Researchers investigate correlation between sleep disturbance, Alzheimer’s Disease

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Photo Credit: Jeb Milling | Daily Texan Staff

UT researchers are working on a large clinical trial, Memories 2, to evaluate how sleep disturbance might accelerate or impact the development of Alzheimer’s disease.

The project is an expansion of its previous study, Memories 1, said Kathy Richards, nursing research professor and one of the principal investigators of the project. The project has research sites at UT, the University of Pennsylvania, the University of Virginia and Washington University in St. Louis.

“Across all sites, we plan to enroll a total of 460 participants in the study for a full year,” said Jennifer Morris, the research project manager of Memories 2 based at the University of Pennsylvania. 

The study focuses on a common sleep disorder called obstructive sleep apnea, said Richards.

Obstructive sleep apnea occurs when people stop breathing during their sleep due to a blockage in the airway. This oxygen depletion and sleep disruption can damage the brain, Richards said.

“In several studies we conducted, we saw that a very high number of people with Alzheimer’s disease had moderate to severe sleep apnea,” Richards said.

Richards said there are a number of reasons why sleep apnea might worsen Alzheimer’s disease and contribute to memory loss. These include highly disrupted and low-quality sleep, lack of oxygen to the brain and spikes in blood pressure.

“For people who have the genetic capacities for Alzheimer’s disease, these sleep apnea episodes might be accelerating it,” Richards said.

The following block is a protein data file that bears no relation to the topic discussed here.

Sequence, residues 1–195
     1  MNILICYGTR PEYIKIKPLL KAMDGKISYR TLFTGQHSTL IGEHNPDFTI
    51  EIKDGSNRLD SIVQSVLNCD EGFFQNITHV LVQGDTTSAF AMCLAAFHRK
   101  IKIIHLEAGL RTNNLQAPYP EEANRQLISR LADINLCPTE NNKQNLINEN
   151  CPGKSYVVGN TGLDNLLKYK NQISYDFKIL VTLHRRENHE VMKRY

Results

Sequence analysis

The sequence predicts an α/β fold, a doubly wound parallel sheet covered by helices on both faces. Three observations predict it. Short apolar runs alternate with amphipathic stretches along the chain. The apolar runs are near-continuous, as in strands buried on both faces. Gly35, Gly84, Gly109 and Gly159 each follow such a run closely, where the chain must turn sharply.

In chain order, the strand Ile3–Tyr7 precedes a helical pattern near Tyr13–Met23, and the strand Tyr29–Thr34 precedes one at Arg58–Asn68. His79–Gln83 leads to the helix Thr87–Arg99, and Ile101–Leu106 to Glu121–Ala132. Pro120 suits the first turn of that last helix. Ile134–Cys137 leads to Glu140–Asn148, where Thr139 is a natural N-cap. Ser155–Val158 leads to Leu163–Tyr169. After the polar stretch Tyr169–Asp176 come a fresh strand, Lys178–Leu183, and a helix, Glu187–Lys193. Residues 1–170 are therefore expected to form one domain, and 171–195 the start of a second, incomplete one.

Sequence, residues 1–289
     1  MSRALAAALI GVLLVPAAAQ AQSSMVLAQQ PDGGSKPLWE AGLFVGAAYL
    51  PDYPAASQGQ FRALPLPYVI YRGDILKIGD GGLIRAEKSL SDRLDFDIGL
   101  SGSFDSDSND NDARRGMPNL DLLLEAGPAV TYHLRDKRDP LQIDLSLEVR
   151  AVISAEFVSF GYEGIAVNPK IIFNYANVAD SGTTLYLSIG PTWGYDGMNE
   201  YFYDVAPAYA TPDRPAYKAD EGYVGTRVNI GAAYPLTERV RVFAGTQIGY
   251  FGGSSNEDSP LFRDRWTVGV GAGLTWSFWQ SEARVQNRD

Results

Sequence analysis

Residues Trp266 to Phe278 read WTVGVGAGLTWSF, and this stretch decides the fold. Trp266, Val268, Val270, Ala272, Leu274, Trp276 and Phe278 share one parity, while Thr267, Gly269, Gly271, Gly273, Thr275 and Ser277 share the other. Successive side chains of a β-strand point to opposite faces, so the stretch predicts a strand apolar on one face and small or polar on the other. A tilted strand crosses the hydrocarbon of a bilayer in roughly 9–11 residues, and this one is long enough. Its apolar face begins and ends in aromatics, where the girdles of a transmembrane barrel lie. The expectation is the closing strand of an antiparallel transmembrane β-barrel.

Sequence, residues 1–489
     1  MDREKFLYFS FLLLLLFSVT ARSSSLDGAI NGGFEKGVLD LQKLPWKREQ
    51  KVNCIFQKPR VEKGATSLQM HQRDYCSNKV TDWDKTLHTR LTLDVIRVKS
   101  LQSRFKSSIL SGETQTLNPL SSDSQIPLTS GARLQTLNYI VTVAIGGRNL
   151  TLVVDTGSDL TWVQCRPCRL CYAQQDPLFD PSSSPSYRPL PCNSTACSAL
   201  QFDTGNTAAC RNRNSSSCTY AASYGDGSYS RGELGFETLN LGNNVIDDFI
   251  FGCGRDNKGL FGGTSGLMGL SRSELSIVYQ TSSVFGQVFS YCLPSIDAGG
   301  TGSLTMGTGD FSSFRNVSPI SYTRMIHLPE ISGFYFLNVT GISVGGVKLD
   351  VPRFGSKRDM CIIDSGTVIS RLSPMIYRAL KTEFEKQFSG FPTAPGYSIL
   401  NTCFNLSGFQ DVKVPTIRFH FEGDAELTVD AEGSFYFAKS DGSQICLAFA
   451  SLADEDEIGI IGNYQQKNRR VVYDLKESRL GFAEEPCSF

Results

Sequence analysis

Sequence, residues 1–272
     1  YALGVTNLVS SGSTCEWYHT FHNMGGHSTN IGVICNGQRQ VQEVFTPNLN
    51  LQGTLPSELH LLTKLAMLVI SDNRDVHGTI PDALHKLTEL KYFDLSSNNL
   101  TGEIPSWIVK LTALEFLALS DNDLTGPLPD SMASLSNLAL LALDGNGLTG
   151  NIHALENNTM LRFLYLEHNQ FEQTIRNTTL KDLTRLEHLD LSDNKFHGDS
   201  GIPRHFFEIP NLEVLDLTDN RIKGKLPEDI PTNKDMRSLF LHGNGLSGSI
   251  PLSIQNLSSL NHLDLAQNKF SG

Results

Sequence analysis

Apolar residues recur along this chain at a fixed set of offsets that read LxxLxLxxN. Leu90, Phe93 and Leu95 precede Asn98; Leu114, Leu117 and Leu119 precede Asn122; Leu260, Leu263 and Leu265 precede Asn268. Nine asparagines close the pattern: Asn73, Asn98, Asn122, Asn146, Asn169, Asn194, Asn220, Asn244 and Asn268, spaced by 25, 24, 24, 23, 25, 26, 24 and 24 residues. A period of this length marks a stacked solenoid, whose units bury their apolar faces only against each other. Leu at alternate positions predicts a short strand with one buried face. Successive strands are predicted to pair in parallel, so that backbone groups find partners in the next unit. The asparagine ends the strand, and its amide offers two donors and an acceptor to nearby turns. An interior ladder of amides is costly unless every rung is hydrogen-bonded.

Memories 2 is trying to document whether the use of a CPAP, or continuous positive airway pressure machine, can help reduce the harmful effects sleep apnea has on the brain, said Dr. Nick Bryan, department chair of diagnostic medicine at Dell Medical School. Bryan said he does the brain imaging components of the study.

“With the CPAP, those periods of not breathing when you’re asleep are regulated,” Bryan said. “We’re investigating the possibility of putting off or preventing the development of Alzheimer’s disease in patients with sleep apnea by using this CPAP treatment.”

Bryan said the study aims to determine whether CPAP would work as an alternative treatment to prevent Alzheimer’s disease.

“One of the great fears of people, particularly for those with certain conditions like sleep apnea, is to develop Alzheimer’s disease,” Bryan said. “Could the CPAP machine be an alternative to a magic drug to prevent Alzheimer’s disease?”

Morris said this study is important because CPAP is a treatment option that is easily implemented and already available to most patients.

“This is something that most people will have access to and can feasibly do for a low cost,” Morris said. “Most Alzheimer’s disease research does not focus on solutions that a lot of people could use and know how to use.”

Richards said she hopes this study can help doctors prioritize treatment of sleep apnea in patients with early memory changes.

“One of the first things that your doctor will do when you start to have changes in your memory is to find out if you have things we know can accelerate decline in memory, like vitamin B12 deficiency,” Richards said. “We hope that sleep apnea will become higher on that list.”

 

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